Design review meetings
Holding different review meetings for features helps refine the specifications and align expectations. You may decide you want to forego certain types of meetings or not have any of them. It depends entirely on what works for you.
That being said, these meetings can be very helpful and, if executed correctly, can save on work time later by avoiding back and forths over small details:
Internal product design meeting –– After wireframes (and possibly mockups) have been drawn up, the UX lead presents the feature to the other UX designers. This allows for the other UX designers to help refine the feature and find any gaps in the design. An additional benefit of this meeting is that it keeps all UX designers up to date on all of the features being built.
Product design review meeting –– Once the specifications have been written out, the UX lead presents the feature to developers. The developers advise on the technical feasibility of the feature and outline ways to approach it differently (for example, using a native element or a library that can achieve the same result). Ideally, if the UX lead takes good notes and makes the relevant changes, a second meeting can be avoided by sending the updated spec to the dev lead.
Technical design review meeting –– The developer, QA, (if relevant, server), and UX lead discuss the technical implementation of the feature. A lot of this might go over a UX designer’s head. Product input is needed sporadically, so it’s really up to you (or management) whether the UX lead needs to be present for the entire meeting or just working close by, so they can be called for feedback when needed.
Sprint cycle length
Figuring out how long your sprints need to be is going to be a balancing act between company goals, user expectations, and development ability.
So how does Caras approach designing sprints?
“I start out with identifying what the company's needs are,” he says. “What are the metrics that need to be changed and what period of time do they need to be changed over?”
Your sprints should always be focused on achieving the company’s goals. When you identify what your organization’s objectives are, you can work backwards from there in order to figure out sprint features and length.
It’s more beneficial to the organization and to its members that you’re able to adapt and improve than be headstrong and inflexible.
It also depends on your users. If the users of the product you’re working on have a very low tolerance for bugs–in a bank website, for example–you’ll probably want to have longer sprints to allow for meticulous testing and bug fixes. Products with lower stakes could have shorter sprints and “fail fast,” as the Silicon Valley saying goes. Having short sprint cycles lets you experiment with changes and iterate on them quickly in order to find the best market fit.
User testing is a critical part of any sprint, though it can be hard to prioritize or budget for. The good news is, you can get feedback on your product for free by letting friends and family play with it, or for cheap by paying people to test in person or online. The first time you hand someone your product, you immediately start to see flaws you had never noticed before, whether they be user experience issues or bugs that QA didn’t think to test for.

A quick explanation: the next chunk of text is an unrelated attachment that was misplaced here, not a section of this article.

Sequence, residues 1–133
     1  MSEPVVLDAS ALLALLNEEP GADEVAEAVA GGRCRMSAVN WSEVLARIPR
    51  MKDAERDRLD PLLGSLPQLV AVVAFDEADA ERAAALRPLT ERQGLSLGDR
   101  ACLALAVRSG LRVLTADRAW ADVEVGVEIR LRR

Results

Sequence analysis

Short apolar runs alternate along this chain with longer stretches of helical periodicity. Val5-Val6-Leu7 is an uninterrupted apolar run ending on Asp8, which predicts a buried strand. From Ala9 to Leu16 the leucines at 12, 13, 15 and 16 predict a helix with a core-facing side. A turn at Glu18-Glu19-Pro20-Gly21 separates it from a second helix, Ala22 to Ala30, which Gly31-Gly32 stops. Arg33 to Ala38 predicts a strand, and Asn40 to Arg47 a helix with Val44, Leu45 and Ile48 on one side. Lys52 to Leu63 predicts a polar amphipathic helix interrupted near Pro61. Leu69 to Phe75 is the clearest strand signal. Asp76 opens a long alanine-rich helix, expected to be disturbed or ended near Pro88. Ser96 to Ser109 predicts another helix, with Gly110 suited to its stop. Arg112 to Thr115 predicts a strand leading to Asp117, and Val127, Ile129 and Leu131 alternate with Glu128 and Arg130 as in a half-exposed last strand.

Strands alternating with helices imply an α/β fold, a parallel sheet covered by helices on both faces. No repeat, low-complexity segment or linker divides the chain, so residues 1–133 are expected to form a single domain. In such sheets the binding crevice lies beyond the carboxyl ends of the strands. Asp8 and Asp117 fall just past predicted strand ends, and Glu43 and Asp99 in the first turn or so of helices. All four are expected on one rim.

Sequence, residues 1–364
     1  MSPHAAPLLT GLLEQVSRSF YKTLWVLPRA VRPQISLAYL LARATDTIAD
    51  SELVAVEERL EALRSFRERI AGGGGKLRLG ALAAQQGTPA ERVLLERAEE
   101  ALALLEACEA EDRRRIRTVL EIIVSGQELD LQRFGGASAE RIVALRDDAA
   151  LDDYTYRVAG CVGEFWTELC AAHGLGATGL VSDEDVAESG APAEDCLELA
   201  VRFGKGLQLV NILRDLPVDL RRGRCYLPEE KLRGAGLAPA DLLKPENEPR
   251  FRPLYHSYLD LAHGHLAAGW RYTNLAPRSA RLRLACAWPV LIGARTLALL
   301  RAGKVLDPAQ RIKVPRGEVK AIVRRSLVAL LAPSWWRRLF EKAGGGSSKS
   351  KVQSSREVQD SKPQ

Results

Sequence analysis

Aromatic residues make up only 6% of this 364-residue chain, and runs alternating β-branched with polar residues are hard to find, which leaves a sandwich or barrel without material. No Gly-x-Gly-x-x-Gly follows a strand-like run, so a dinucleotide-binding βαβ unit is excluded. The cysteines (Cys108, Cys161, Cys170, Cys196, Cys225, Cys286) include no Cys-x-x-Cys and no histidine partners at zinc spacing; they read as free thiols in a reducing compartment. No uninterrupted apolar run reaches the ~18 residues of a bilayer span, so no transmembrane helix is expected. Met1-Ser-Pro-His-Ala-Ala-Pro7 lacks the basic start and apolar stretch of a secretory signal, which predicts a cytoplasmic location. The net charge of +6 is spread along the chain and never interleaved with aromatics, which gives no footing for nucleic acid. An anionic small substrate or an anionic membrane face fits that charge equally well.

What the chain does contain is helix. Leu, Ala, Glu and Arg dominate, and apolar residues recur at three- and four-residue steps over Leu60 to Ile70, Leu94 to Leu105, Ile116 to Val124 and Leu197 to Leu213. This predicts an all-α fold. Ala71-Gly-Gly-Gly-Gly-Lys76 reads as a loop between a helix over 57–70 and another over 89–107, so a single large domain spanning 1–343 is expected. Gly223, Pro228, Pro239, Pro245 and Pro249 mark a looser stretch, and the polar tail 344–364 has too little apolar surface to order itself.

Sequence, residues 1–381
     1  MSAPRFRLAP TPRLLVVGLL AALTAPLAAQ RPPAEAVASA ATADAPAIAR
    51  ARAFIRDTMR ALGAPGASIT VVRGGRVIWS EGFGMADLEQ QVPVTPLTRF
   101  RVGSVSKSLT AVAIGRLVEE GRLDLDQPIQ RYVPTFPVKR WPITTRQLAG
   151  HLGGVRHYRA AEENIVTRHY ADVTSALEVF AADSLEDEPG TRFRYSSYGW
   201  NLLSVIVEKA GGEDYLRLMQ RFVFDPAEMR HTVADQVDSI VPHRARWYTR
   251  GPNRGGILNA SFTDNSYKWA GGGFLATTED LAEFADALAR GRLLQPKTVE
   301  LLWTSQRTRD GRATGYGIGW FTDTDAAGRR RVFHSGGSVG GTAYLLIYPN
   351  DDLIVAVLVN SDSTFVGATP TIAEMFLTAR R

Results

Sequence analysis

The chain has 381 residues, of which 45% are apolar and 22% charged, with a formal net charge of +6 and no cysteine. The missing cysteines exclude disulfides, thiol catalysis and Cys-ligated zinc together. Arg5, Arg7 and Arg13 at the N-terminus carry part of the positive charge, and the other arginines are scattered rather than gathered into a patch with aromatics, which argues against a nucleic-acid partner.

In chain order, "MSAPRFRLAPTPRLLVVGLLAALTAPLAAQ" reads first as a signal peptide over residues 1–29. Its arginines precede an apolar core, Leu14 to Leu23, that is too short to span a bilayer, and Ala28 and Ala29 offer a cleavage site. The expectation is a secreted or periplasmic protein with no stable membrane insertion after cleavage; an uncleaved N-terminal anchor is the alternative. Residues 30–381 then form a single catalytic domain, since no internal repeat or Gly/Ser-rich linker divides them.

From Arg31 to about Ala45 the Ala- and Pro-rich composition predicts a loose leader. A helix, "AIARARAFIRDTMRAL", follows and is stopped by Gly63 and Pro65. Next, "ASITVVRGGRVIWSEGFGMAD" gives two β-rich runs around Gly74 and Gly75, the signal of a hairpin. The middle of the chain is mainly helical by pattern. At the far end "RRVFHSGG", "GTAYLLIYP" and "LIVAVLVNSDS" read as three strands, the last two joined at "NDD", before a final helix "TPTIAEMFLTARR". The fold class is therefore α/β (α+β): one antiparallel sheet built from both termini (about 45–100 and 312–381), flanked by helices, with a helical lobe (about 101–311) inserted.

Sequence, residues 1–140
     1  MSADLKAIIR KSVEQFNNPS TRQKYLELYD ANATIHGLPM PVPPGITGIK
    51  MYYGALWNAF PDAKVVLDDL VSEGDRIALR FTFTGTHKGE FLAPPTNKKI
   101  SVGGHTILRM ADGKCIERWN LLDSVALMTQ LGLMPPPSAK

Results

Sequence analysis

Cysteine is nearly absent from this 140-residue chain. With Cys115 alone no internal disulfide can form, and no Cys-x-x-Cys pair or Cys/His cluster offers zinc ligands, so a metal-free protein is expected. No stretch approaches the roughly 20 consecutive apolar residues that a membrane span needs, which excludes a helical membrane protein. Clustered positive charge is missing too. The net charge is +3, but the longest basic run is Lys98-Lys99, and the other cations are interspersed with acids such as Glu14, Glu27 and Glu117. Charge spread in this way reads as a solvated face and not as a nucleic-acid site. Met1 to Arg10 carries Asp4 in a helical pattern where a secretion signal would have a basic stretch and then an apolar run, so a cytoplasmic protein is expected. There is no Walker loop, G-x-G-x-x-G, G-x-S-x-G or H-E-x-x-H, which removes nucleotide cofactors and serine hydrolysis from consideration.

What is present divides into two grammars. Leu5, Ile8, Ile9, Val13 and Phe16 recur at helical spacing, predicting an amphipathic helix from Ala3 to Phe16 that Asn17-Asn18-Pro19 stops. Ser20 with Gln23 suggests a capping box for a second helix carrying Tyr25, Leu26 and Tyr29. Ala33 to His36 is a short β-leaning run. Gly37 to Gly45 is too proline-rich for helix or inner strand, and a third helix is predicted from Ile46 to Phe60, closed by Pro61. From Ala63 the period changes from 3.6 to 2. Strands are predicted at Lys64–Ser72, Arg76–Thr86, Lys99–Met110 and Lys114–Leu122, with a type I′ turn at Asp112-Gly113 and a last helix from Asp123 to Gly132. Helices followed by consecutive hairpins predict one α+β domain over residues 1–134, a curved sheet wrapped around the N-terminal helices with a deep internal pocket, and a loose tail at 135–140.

Being able to see someone clicking or tapping on the screen and voice their frustrations out loud can completely change your relationship to a feature in your product and help fix major usability issues you didn’t know you had. Gathering that qualitative data will help shape your next sprint.
When first implementing a sprint structure in your company, consider carving out time on the last day for a meeting with your team to review how the sprint went. You may have your own opinions, and this is a good time to voice them, but it’s important to get a broader perspective on how the process is working. It’s possible you’ll find that the sprint is too short, or better communication between teams needs to be facilitated.
Feel out your team and what they would be most receptive to. If you find that these meetings go on for too long, you can take questions or comments ahead of time, address them in front of everyone, and take fewer questions in the meeting. If people don’t like speaking up, this can be a period of 15 minutes you set aside for them to drop what they’re working on and fill out a survey. After a while, if the sprints seem to be running smoothly, you can stop holding these meetings.
Opening the floor to feedback allows the team to be heard, which is always appreciated, and creates an implicit buy-in; if team members don’t speak up, they can’t feel bitter about their thoughts not being addressed. If they do, they are taking part in changing the system, which gives them a sense of ownership.
Find your own rhythm
Any managerial position within a company is going to require balancing the needs of different stakeholders. Not all companies are the same, and an individual company will go through a lot of changes during its lifetime. Even if you have a system that’s working, your team could outgrow it. As someone who’s seen a lot of different companies at various stages, Caras knows this very well.
“If the company needs change, that's an opportunity to improve every part of it to better fit the company's needs.”
Companies don’t need managers who will die on a hill over any one idea. It’s more beneficial to the organization and to its members that you’re able to adapt and improve than be headstrong and inflexible. You don’t have to get everything right on the first try. You just have to keep trying.